I was recently involved in a discussion, via the medium of social media, after I commented on a status, posted by a friend and MMA competitor. The subject was the latest round of a Mixed Martial Arts show, which had been recently aired on television. The theme of the status was the conduct of two of the competitors, before and after their bout, which was hyped as a ‘Grudge Match’.

 

During the broadcast, they showed footage of one of the fighters making a personal comment about the other, and his relationship with his ex girlfriend, followed immediately by the other shoving him backwards. Then followed clips of the two being interviewed and verbally bashing the other in very loud American Wrestling style, loaded with testosterone. Then came the fight. The aggrieved fighter won by decision, although it was not a classic encounter by any means, but he won convincingly. Then they continued to bait each other, having a microphone provided to assist with this.

 

I happened to agree with my friend, who thought that this behaviour turns what is an emerging sport into a soap opera. However, one of her American friends disagreed strongly, I assume he had strong feelings, to use the language; “I wipe my ass with your sportsmanship. This is a ‘Bloodsport’, and you have to be a fighter to appreciate that!” Okay, obviously hit a nerve there, but, as we both pointed out, we are full contact competitors, and still would rather our sport, and art weren’t dragged through the mud by behaviour no better than that expected of a football hooligan.

 

Sadly, this type of thing is ever present, and always gets time in the media. People always forgave Mohamed Ali for it, because of his talent. The late Henry Cooper, who fought Ali twice, voiced his opinion on this type of behaviour, but still forgave Ali, saying; “There was always a sense of tongue in cheek with Ali, but the others, they mean it.” I am an Ali fan as well, but I think there were times he crossed the line, and I wish he hadn’t. He played mind games, and was good at it, but it lost him a load of local support when he fought Joe Frasier in Manila.

 

So where is the line between ‘Fighting Smart’ and ‘Fighting Dirty’? Is there a place for this in sport? The media seem to think so, but then, is any publicity really ‘Good Publicity’? Some people enjoy this kind of thing, but I can’t help thinking it does Combat Sports no good what so ever.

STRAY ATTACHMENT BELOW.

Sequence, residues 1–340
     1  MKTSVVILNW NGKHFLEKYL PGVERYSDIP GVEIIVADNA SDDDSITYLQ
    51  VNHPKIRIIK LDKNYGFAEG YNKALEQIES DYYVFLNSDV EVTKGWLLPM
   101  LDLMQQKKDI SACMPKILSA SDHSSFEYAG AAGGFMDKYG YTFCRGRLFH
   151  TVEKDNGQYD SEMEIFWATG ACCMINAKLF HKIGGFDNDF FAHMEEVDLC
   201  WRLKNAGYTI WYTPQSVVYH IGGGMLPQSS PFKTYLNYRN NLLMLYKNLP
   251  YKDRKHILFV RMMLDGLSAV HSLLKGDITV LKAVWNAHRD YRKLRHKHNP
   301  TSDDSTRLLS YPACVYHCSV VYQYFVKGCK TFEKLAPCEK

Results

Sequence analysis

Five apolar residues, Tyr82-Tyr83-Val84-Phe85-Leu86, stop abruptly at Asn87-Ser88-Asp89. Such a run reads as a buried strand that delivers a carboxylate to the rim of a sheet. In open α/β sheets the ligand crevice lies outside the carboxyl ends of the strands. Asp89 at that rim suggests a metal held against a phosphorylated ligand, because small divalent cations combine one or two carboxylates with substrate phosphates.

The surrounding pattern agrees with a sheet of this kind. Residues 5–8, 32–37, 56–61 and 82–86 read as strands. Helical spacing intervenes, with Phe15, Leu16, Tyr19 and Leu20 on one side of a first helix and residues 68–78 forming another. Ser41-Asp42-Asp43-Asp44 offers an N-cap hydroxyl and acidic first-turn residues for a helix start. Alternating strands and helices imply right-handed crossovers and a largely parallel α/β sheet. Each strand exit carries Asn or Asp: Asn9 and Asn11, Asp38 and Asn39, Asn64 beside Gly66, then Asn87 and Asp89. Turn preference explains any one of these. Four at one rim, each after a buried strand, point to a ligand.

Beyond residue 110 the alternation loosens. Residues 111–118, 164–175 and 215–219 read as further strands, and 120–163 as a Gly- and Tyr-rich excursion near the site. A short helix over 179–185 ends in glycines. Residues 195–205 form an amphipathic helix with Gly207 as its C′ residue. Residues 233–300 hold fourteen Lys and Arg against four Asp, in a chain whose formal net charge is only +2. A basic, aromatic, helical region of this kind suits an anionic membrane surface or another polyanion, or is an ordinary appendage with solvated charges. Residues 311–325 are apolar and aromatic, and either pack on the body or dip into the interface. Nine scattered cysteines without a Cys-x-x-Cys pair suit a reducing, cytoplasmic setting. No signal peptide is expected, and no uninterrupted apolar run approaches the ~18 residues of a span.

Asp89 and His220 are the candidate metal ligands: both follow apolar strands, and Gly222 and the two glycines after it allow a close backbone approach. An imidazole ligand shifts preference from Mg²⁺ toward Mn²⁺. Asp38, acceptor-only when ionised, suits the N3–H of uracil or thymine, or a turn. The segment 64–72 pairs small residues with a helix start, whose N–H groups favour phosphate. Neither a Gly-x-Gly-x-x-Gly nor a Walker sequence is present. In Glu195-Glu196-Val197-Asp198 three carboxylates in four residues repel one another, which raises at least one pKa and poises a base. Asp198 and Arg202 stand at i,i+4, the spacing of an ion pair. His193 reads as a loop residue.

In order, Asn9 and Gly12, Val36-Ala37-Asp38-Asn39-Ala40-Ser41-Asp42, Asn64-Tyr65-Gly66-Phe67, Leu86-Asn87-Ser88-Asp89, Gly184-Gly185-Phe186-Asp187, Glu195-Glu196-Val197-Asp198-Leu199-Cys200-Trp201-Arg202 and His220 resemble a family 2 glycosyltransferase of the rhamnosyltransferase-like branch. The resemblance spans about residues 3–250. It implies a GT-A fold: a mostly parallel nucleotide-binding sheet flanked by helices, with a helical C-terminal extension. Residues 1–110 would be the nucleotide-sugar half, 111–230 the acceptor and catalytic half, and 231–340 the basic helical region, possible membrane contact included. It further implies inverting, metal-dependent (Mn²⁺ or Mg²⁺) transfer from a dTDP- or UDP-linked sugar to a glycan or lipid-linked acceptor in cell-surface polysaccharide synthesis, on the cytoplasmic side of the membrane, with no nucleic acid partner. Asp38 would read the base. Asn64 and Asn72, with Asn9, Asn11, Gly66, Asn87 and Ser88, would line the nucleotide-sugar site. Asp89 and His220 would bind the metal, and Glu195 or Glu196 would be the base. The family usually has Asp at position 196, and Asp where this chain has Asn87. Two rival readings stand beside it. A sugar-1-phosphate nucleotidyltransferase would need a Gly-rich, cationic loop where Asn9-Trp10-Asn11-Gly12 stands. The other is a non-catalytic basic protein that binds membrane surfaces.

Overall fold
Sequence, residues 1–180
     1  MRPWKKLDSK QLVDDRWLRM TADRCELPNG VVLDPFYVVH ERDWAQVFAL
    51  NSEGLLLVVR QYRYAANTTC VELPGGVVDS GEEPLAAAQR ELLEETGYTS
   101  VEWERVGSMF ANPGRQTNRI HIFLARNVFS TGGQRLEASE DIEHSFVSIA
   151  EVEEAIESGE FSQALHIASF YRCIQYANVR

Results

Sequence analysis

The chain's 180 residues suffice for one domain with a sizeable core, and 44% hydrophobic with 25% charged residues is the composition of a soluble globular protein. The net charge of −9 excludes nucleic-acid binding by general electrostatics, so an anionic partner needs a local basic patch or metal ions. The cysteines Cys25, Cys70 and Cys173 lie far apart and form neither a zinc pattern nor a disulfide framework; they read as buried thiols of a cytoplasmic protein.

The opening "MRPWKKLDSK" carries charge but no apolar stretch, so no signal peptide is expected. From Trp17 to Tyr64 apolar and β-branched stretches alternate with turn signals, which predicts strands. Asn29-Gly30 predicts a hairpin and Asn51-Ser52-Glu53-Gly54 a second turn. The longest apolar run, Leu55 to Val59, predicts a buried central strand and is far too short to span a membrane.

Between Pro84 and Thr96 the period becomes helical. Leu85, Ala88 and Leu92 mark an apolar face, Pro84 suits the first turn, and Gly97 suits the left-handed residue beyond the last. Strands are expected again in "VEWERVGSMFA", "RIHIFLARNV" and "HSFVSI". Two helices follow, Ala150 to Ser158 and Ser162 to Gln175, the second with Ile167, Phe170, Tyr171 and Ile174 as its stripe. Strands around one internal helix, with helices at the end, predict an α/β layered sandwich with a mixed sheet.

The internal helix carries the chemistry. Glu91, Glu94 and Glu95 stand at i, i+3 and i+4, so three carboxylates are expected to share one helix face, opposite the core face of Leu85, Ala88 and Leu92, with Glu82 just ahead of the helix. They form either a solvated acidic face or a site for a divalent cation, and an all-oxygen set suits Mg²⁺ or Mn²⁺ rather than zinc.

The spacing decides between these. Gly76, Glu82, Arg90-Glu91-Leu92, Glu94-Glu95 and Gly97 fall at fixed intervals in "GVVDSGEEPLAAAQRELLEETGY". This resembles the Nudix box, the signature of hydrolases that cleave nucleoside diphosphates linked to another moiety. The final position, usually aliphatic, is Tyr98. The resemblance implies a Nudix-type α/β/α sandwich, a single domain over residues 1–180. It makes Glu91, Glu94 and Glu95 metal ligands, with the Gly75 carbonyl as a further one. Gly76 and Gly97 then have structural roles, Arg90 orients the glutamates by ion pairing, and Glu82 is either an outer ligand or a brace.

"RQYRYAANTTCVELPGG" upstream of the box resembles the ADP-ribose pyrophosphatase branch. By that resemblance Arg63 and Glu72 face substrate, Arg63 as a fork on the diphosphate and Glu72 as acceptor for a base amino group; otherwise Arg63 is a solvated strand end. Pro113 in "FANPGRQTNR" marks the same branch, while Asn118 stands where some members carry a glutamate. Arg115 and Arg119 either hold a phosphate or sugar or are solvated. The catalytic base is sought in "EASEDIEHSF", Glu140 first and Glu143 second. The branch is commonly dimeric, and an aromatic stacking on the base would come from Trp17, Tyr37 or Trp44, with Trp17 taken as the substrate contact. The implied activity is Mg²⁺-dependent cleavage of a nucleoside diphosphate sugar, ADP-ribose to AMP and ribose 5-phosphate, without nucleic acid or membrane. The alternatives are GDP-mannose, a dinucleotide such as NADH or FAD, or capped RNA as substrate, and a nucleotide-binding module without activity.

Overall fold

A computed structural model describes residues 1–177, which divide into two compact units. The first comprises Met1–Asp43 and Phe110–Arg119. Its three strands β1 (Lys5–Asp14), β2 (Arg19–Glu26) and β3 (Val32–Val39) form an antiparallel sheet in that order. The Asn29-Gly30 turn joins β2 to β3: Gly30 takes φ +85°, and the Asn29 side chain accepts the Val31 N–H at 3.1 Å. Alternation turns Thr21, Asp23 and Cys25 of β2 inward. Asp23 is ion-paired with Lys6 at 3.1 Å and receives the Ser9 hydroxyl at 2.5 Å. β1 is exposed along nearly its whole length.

A sport cannot function without competitors, and high level competitors, in any sport, are role models for the next generation. Combat Sports and Martial Arts are about enriching our lives and making us better people, so who does this behaviour from the top attract to the sport or art?

 

Thankfully, there are still plenty of positive examples. In the same discussion, I gave praise to a fighter, known as ‘King Mo’ for his conduct. He won his bout by ground and pound, for those unfamiliar with this concept, it is as it sounds, he was on top of his opponent, raining punches down on him, and it reached the point where his opponent was no longer actively defending himself, so the referee, rightly, stopped the contest. Before King Mo disengaged to celebrate his win, he first checked that his opponent was okay. Yes he then went and enjoyed the moment and pretended to do front crawl, breast stroke and then back stroke on the floor of the cage, but he showed his colours as a true gent and a sportsman. Examples of more well known, positive role models for combat sports, are Amir Kahn and Nicola Adams.

 

Don’t get me wrong, I think that to succeed, using the rules of your sport to your advantage is a must, but I am not sure what is achieved by open bad mouthing and hostility other than to turn people away from the sport. It takes a lot of discipline, heart and commitment to reach that level, not traits that are in abundance in street thugs and hooligans, so why behave like one openly?

 

You may not like your opponent, but the best way to make a statement is to beat them, or make them have to dig deep into their reserves of will and courage to beat you. At least there can be mutual respect between enemies. They say that grudges sell tickets, but has it not all been done before? It may well sell more tickets if the event is run with good competitive spirit.

 

I think a lot of sports can learn from one of my other loves, rugby. This is a game where the players slam into each other at full tilt. Sure, tempers flare on the pitch, but that’s where it stays until the next time they play. One memory from 2014 is the sight of both the England and Samoa teams sharing a group huddle after their particularly physical encounter during the Autumn internationals. This is the type of thing that can sway the mind of the parent to allow their child to take up the sport, as they see two groups of rounded people sharing a moment of mutual respect after refusing to back down.

 

I have competed in Full Contact K1 Kickboxing for a few years now, although I started a little late in life, and after every fight, win lose or draw, I have showed respect to my opponent, received it in return, and I hope this continues. It has never been my thing to interact with my opponent before a fight. It is harder to try and knock a ‘Nice Guy’ out if I’m honest, but I’m happy to chat afterwards, and have made some good friends that way. These are people who have done you the honour of allowing you to test your skills, training, and personal qualities against theirs, and, as my friend who posted the status on social media pointed out; “What would we achieve if we had no opponents?”